The percentages required to meet adequate yearly progress standards go up statewide for the 2010-11 school year. Proficiency goals increase to 80.5 percent in reading and 68.5 percent in math.
“I think in a lot of cases were close right now to that,” Korsch said. “I have a lot of confidence in our teaching staff. I know they’re digging in and really anticipating how they can best serve kids and get kids to those higher levels.”
If state standards had been at that level last school year, Superior would have missed progress in third-, fourth- and 10th-grade reading. In math, the district would have remained above the proficiency goal at all seven grade levels tested.
The state is in the process of scrapping the current concepts exam and implementing a new statewide assessment system, but it is unclear what the new standards will be under that system.
The framework for the WKCE set 2013-14 as the year all districts were expected to attain 100 percent student proficiency.
In Superior’s 2008 test results, the 10th-grade scores were the low point for the district. The sophomores fell below the state average in four of the five areas, surpassing state numbers only in science.
The 2009 test results show Superior sophomores exceeding the state average in all but language arts. The greatest improvements came in reading and math, where 76 and 70 percent of students, respectively, scored as proficient or advance — a 5 percent increase in reading from 2008 and a 6 percent increase in math.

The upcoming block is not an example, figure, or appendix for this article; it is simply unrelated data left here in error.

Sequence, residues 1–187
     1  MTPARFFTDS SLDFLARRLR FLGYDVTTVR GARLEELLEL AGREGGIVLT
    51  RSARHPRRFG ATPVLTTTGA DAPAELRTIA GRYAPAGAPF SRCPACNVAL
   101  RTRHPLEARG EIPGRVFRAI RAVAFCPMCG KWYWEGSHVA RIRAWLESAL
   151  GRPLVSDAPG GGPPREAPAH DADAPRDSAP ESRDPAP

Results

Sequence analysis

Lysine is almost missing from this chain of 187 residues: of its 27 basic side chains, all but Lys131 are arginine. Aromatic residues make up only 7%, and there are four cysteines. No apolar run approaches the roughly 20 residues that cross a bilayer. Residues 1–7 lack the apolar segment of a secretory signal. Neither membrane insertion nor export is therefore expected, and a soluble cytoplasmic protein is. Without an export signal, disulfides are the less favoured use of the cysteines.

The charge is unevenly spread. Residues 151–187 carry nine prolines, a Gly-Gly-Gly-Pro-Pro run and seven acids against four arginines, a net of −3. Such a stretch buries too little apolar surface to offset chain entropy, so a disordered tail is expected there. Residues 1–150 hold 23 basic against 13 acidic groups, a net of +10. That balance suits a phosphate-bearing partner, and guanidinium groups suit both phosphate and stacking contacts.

Superior went against the statewide trend with its improvement. Overall, state averages fell at the 10th grade level. The only increase came in reading, where Wisconsin students increased their scores by two percent.
“There’s a lot of really good work going on in the ninth-grade teams, the teacher teams that are working with ninth grade kids,” Korsch said. “They meet regularly and talk about student achievement issues; they communicate well and this year they’ve been working quite a bit with our literacy coach at the high school. So next year when those kids are 10th-graders, we can look forward to some results from that.”
The Superior 10th-grade special education students also scored better than their peers did statewide in every category. The special education students improved most of its scores by about 10 percent and saw a jump of almost 30 percent in math.